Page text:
Frank Turner’s ‘Be More Kind’ is the singer-songwriter’s seventh studio album released only months after his career spanning compilation ‘Songbook’ hit the shelves. It has the sound of a mellowed man calmed from his punk rock days, with this new collection of songs instead having tints of electro-pop and a slight Nashville twinge now and again. The album as a whole is distinctive from his previous few releases and there seems to be a greater focus on Turner’s voice with some welcome references to past albums.

From the very start, it’s clear that the album is Frank Turner, with his ability to write a musically simple song with a decent hook to draw you in from the first chorus. The opening track ‘Don’t Worry’ created a kind of parody of Bobby McFerrin’s ‘Don’t Worry Be Happy’, but Turner warns against the bad things rather than reassuring us of the good. I doubt anyone would call Turner a cheery bloke, but his songs have a consistent honesty to them. ‘1933’ is immediately more upbeat, with angrier political references to suggest that not much has changed in the last century. Following this, ’Little Changes’ is cuter, less punchy and more electro-pop in style. It’s like the cleverly lyrical love songs he used to write, but here they emerge modulated into major keys and with brass backings to give a sense of a fanfare parade. These first three tracks demonstrate the sheer range of his central genres and influences, all memorable in their own way, with each track remaining unique.

The title track, ‘Be More Kind’, was inspired by a collection of Clive James’ poem, Leçons Des Ténèbres: “I should have been more kind. It is my fate. To find this out, but find it out too late.” Turner said, “It devastated me the first time I read it. A lot of older, wiser people tend to say things like that, that the things that come out in the wash at the end of a human life are the way you treated the people around you. In the modern world, that’s a lesson that all of us, myself included could do to learn.” The song itself has a beautiful sentiment, a plea for humanity to treat each other with more kindness amidst the quirky use of harmony and a melodious string texture. Strings are often used in music to give a humanised and emotional tone, a much needed and well-utilised tone here; it communicates a genuine sentiment.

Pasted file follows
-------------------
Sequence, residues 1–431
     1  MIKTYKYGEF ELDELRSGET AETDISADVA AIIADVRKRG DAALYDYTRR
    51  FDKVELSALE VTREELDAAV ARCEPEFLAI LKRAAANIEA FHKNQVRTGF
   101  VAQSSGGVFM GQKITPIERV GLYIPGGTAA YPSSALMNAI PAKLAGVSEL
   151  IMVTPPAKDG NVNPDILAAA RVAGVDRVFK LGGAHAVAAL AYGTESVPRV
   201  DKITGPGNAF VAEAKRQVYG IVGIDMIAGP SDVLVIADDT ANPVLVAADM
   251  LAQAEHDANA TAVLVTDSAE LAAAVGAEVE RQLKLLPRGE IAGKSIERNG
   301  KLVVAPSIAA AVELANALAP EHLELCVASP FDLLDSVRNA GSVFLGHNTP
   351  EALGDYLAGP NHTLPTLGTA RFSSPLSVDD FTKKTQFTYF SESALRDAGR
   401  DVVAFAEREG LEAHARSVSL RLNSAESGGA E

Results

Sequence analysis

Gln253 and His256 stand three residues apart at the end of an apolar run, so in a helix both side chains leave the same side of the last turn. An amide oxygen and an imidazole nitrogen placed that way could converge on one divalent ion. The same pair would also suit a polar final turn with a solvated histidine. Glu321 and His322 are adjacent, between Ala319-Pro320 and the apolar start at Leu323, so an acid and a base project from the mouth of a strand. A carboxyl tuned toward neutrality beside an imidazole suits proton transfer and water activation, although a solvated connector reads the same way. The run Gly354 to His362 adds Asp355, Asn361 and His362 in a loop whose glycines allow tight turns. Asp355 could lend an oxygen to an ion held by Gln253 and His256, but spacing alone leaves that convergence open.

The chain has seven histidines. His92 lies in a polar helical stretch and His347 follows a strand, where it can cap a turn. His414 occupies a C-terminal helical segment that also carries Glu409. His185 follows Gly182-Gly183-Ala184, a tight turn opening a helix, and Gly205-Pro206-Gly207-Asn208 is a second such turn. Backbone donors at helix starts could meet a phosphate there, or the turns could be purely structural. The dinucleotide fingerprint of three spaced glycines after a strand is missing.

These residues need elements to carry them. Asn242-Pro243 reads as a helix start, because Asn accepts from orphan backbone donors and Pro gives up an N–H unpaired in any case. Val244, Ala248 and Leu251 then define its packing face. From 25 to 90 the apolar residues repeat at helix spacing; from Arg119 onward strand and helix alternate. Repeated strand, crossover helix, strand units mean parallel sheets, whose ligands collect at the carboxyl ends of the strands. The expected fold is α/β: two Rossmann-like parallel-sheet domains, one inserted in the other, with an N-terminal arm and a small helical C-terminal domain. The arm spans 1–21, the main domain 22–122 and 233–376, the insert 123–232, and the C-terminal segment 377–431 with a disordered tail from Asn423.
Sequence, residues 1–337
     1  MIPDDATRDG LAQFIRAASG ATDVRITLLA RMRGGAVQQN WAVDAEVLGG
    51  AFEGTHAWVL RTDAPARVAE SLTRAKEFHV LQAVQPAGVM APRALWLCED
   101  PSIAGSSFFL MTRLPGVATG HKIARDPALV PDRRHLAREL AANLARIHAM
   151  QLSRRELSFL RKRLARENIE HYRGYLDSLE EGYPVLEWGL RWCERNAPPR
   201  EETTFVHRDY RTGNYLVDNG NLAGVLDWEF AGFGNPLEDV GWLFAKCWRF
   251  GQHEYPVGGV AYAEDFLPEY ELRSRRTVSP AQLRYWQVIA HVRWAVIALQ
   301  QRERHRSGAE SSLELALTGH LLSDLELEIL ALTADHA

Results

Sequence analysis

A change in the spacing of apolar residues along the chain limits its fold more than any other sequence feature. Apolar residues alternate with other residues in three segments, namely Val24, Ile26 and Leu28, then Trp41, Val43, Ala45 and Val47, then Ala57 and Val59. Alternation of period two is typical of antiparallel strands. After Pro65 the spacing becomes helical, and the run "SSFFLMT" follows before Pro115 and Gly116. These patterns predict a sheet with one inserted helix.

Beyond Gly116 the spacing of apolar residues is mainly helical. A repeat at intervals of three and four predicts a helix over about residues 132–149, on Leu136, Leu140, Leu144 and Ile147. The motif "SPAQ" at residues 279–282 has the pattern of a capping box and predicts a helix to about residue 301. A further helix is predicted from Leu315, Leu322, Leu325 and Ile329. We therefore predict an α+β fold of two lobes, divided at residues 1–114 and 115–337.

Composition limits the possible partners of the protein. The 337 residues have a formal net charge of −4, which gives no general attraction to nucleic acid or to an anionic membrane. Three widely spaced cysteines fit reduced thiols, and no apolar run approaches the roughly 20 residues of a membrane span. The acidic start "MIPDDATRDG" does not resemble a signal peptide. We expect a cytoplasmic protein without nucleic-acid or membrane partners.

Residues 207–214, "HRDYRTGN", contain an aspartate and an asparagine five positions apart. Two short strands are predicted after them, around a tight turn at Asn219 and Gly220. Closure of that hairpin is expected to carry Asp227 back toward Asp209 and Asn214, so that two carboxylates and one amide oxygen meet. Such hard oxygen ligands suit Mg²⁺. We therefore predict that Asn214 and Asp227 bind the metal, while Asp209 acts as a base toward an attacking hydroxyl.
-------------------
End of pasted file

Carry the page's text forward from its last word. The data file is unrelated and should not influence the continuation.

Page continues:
I will admit, I think the album dipped in excitement and quality towards the middle. ‘Make America Great Again’ was clearly supposed to be the big political track of the album, but it’s precisely what the title says, no more or less. Despite this, it picked up again towards the end. The undisputed hidden gem of the album is ‘The Lifeboat’, beginning as a dark, mysterious, minor ballad with a sinister relation of the 21st Century’s misery before transforming into a hopeful, forward-looking view. It highlights a need for survival, with an optimistic rising cello symbolising an increasing hope for sailing towards a better future.

Overall, Turner’s new album is one of quelled rage matured by age. By no means is every track on it a hit, but the good tracks stand out by a mile. It’s his best album in a long time, well produced to create a coherent sound and will undoubtedly be a hit on the next tour. This 36-year old travelling musician still has many more years and a few more good albums in him yet.

 

Be More Kind is out now, via Xtra Mile Recordings.